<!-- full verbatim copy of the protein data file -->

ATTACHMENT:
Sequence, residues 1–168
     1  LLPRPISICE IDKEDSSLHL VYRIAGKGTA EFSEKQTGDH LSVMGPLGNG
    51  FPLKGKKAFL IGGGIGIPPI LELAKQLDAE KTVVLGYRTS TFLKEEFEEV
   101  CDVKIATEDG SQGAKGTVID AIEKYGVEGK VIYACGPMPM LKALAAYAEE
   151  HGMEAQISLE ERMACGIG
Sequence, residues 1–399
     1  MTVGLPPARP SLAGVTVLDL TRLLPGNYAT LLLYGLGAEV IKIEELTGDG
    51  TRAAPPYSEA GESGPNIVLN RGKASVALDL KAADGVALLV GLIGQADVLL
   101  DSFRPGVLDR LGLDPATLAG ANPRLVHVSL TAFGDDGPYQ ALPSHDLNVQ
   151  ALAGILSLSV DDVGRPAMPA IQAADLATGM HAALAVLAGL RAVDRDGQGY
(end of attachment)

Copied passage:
Sequence, residues 1–168
     1  LLPRPISICE IDKEDSSLHL VYRIAGKGTA EFSEKQTGDH LSVMGPLGNG
    51  FPLKGKKAFL IGGGIGIPPI LELAKQLDAE KTVVLGYRTS TFLKEEFEEV
   101  CDVKIATEDG SQGAKGTVID AIEKYGVEGK VIYACGPMPM LKALAAYAEE
   151  HGMEAQISLE ERMACGIG
Sequence, residues 1–399
     1  MTVGLPPARP SLAGVTVLDL TRLLPGNYAT LLLYGLGAEV IKIEELTGDG
    51  TRAAPPYSEA GESGPNIVLN RGKASVALDL KAADGVALLV GLIGQADVLL
   101  DSFRPGVLDR LGLDPATLAG ANPRLVHVSL TAFGDDGPYQ ALPSHDLNVQ
   151  ALAGILSLSV DDVGRPAMPA IQAADLATGM HAALAVLAGL RAVDRDGQGY